Telephone interviewing marks its beginning in the 1980s. It may be regarded as a semi-personal method of information collection. It has become much more popular in recent years because of the diffusion of telephone services worldwide.
The increase in the use of telephone interviewing in the last few years has been so dramatic that it has prompted full applications in survey research during the past few years.
The chief reason, as we pointed out, is the rapid increase in the number of households having telephones and the widespread use of computer-aided technologies all over the world, which enables us to avoid some of the damaging sampling problems that previously plagued telephone survey.
Many people are hesitant to admit strangers, especially at night, for face to face interviews.
The same is the case with the interviewer, who also remains hesitant to approach a strange neighbor.
All these factors plus others have helped the telephone survey to make inroads on the dominance of the face-to-face interview and mailed questionnaire.
Advantages of Telephone Interviewing
Of the advantages that telephone interviewing offers, the following are frequently cited:
- It is quicker than the mail survey;
- It is less expensive than interviewing. Groves and Kahn (1979, p: 223, see Cooper p: 300) report that sampling and data collection costs for telephone surveys can run from 45% to 64% lower than comparable personal interviews;
- The respondents remain more anonymous than in a personal interview;
- The interviewer can prompt the respondents to answer difficult questions whenever necessary. This is not possible in mail survey;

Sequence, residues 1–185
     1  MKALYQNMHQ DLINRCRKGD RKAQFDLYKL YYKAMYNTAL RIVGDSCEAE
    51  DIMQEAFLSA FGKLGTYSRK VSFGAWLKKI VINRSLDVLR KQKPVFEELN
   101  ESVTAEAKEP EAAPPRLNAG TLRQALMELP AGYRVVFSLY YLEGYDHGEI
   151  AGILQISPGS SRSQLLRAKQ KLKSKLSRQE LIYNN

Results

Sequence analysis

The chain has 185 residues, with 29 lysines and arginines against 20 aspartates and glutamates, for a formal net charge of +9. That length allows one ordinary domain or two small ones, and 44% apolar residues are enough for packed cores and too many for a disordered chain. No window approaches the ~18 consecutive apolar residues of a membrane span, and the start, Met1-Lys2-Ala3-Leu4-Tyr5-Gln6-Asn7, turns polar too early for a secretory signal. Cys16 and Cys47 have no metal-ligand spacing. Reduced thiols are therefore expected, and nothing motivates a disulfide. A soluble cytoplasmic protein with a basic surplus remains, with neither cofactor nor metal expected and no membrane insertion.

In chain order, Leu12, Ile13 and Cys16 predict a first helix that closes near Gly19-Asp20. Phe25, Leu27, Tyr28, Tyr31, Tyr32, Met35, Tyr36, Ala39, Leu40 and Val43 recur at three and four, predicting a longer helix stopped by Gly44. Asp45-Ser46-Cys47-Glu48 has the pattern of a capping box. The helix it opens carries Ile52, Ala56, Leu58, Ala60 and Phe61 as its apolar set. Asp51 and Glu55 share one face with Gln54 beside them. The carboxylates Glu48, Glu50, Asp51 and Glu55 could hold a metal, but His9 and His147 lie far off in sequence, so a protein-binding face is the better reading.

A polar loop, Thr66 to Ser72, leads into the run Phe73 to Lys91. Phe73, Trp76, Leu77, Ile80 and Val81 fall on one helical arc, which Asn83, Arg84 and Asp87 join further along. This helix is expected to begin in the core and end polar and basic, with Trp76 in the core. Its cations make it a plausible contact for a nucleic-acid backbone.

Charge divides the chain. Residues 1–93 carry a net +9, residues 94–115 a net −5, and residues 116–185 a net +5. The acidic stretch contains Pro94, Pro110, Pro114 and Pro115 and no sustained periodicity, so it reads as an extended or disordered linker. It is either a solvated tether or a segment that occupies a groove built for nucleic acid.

- The sample needs not to be geographically contiguous, but can be dispersed throughout the study;
- The method is particularly rewarding for studies among telephone subscribers and organizations.
Disadvantages of Telephone Interviewing
The disadvantages are as follows:
- The respondents are often less motivated over the telephone;
- The respondents can terminate the interview at any stage of the interview if he is reluctant to continue for any reason;
- Visual materials cannot be shown if needed;
- The interviewer is unable to observe the respondent and thus cannot gather nonverbal data;
- The interviewer cannot persuade the respondent to complete the interview and standardize the environment in which the interview takes place;
- The method is unsuitable in areas where people have inadequate telephone subscription facilities;
- In some societies, it is costly too.
How to Conduct a Telephone Interview?
With the advent of modem computer technologies, telephone interviewing processes have become easier than before. One of such methods is the Random Digit Dialing (RDD), which enables us to avoid some of the sampling problems that we encountered before in telephone interview.
One chief reason for this was that the sampling frame could be used because many telephone numbers were not listed in the directory.
Also, some numbers were listed more than once, giving them an increased probability of selection of the sample. RDD is a process for mechanically dialing randomly, from all possible combinations of the digits in a set of working telephone numbers.
The RDD can reach all working numbers with equal probability. Since the researcher does not have to work with directories, there is also no biasing problem.
Despite its several appealing advantages, it suffers from the bias arising out of the situation when a household possesses more than one telephone.